Fun cartoon from Quest explaining desktop virt (and of course their products)

Quest just released this cartoon explaining desktop virtualization, their products, and how they fit with Microsoft. It's pretty fun!

Quest just released this cartoon explaining desktop virtualization, their products, and how they fit with Microsoft. It's pretty fun!

My only beef with it is that in the very first sentence, they imply that desktop virtualization = VDI. :( Also I noticed that when they showed vWorkspace plugging into multiple hypervisors, they showed a four-piece puzzle but only actually plugged in ESX, Hyper-V, and Parallels. (Yet they also support XenServer, so why didn't that fit in Slot #4? Do they really not like Citrix that much?)

But other than that, fun stuff! This is actually a pretty effective way to explain desktop virtualization in general. Nice!

Join the conversation


Send me notifications when other members comment.

Please create a username to comment.

vWorkspace does not natively support XenServer... By this I mean it can't provision or power manage VM's running on it (unless there is a top secret Xenserver edition).

I also don't think they imply that DV = VDI... I think they imply that people think DV = VDI but with vWorkspace it's so much more, etc etc etc...

Desktop Virtualization marketing video of the year goes to Quest! Good stuff.


Nope, there is not secret XenServer edition :-) and the reason we do not support XenServer is not because we dislike Citrix. It is simply because we do not see any customer demand for it. It must have something to do with the fact that most XenServer customers typically choose that other desktop virtualization product....

On the awesome cartoon (I know I am not objective but I still think it is cool), does anyone kind of recognize the soundtrack? It is slightly different but still it stands out. Disclaimer - you will reveal something about yourself if you do :-)


The reason they don't support XenServer is because Quest doesn't get to play in scaled implementations where ESX is the clear leader. That's where Citrix or View play typically.  Hyper-V does not scale for desktop virt and is a PIA to configure for storage etc, but makes a lot of sense for Quest to play on top of because they are focused/get traction in the SMB IMO for the most part. It also helps Quest with their marriage to RemoteFX which is going nowhere strategy. As a result things like Intellicache can't be supported with Quest. Also that cloud thing means a problem for Quest as that's mostly Xen/RedHat, and I predict will stay that way given the move toward open XXX AKA see OpenStack. Goes back to my belief that to win in desktop virt, you have to own a hypervisor in order to add features to improve your stack. Without it it's very hard, unless you are doing something very different like Kaviza that again is SMB focused so not a broad play. It's a feature in a bigger ecosystem IMO.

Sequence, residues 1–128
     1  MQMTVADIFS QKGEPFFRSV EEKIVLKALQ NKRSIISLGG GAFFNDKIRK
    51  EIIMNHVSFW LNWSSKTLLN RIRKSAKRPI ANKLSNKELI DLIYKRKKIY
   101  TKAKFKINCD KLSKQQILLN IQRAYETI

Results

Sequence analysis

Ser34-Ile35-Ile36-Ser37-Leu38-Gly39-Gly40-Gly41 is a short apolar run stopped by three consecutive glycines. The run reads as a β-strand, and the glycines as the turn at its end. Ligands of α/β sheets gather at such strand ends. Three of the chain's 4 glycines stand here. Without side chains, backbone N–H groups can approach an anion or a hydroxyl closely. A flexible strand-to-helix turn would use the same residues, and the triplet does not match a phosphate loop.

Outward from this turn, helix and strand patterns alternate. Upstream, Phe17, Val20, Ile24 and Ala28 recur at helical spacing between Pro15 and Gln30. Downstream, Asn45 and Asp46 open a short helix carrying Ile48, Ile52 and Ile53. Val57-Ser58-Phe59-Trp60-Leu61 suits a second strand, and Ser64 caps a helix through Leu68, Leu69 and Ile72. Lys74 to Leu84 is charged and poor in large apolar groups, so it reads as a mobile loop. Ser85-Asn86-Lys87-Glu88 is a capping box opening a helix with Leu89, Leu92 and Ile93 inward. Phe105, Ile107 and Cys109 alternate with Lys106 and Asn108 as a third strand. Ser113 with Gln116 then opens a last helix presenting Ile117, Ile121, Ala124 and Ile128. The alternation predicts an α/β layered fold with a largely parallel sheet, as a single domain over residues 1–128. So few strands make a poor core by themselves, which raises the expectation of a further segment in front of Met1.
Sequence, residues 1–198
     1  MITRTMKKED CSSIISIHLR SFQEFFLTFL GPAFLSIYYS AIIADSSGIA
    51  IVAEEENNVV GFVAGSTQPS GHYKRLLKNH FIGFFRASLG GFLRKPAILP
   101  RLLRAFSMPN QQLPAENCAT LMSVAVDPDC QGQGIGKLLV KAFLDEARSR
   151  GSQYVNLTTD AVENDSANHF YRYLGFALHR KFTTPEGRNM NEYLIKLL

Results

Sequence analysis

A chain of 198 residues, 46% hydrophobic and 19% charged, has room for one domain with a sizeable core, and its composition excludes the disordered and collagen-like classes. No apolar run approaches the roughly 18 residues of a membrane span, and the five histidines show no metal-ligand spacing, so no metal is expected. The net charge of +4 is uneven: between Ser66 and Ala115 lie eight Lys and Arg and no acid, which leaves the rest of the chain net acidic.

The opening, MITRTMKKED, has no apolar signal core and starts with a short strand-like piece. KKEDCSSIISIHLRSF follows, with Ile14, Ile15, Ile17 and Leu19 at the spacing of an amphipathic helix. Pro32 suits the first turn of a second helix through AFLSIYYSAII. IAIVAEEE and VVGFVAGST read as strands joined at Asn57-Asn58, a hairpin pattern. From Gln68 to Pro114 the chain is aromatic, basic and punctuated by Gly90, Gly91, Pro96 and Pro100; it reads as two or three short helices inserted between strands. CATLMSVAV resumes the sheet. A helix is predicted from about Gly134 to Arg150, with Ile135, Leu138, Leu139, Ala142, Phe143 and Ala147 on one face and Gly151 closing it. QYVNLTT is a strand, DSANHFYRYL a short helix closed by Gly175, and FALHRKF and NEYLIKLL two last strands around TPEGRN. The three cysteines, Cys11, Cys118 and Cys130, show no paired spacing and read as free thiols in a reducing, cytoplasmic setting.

@Appdetective - I think Michel gave a reason for why they don't support XenServer.  Why doubt him?

I personally spoke to a Citrix Field Engineer who admitted that XenServer's traction is zero to non-existent.  The majority of XenDesktop implementations are on top of ESX.  Moreover, I wholeheartedly disagree that in order to be a serious player in the desktop virtualization market, you must own a hypervisor.  After all, desktop virtualization is not always a hypervisor-dependent proposition.  If a customer likes a particular vendor's VDI product, why shoehorn that same vendor's hypervisor into the solution?  It's all about choices, and if Quest wanted to be a hypervisor vendor, they could have acquired another Xen product whose bits and pieces were acquired by Oracle not too long ago.  This is like saying that in order to be a leader in platform management, you also have to own the platform that's being managed.  Very shortsighted view of the world!


@edgeseeker I don't doubt him as it stands today, which is tiny % of desktops in the enterprise virtualized. As you scale, the ESX costs become too high and hence IMO this will result in other hypervisors which includes Hyper-V, XEN etc. Both of these are doing things in the hypervisor to optimize for their workload. This to me is the direction they are all going to go. This means the cross platform notion will also mean least common denominator. So picking a solution that supports all the major hypervisors is going to be for smart customers. As more cloud workloads appear, they will use more open hypervisors as those service providers will not want the cost of ESX. Hyper-V with mean an Azure lock in strategy.

I'm not trying to imply that Quest still can't be relevant, but IMO without the hypervisor they are at the mercy of what the platform vendors will let them do. Hence I think Quest will remain focused on SMB as enterprise will figure out they just don't have the firepower to compete. Hence why they are a distant #3/4 player in the market today.